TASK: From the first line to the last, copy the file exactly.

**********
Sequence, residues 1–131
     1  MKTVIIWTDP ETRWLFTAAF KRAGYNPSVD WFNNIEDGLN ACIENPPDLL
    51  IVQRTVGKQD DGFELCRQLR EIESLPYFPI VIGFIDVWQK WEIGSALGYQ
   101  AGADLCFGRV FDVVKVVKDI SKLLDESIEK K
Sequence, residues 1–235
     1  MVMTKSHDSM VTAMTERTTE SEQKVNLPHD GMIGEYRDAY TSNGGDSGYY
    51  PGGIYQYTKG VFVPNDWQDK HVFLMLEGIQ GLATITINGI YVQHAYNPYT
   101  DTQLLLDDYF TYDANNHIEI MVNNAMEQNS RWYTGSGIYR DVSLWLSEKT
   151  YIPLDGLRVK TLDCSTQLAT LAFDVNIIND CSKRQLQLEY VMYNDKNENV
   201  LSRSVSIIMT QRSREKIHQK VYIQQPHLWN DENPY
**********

Sequence, residues 1–131
     1  MKTVIIWTDP ETRWLFTAAF KRAGYNPSVD WFNNIEDGLN ACIENPPDLL
    51  IVQRTVGKQD DGFELCRQLR EIESLPYFPI VIGFIDVWQK WEIGSALGYQ
   101  AGADLCFGRV FDVVKVVKDI SKLLDESIEK K
Sequence, residues 1–235
     1  MVMTKSHDSM VTAMTERTTE SEQKVNLPHD GMIGEYRDAY TSNGGDSGYY
    51  PGGIYQYTKG VFVPNDWQDK HVFLMLEGIQ GLATITINGI YVQHAYNPYT
   101  DTQLLLDDYF TYDANNHIEI MVNNAMEQNS RWYTGSGIYR DVSLWLSEKT
   151  YIPLDGLRVK TLDCSTQLAT LAFDVNIIND CSKRQLQLEY VMYNDKNENV
   201  LSRSVSIIMT QRSREKIHQK VYIQQPHLWN DENPY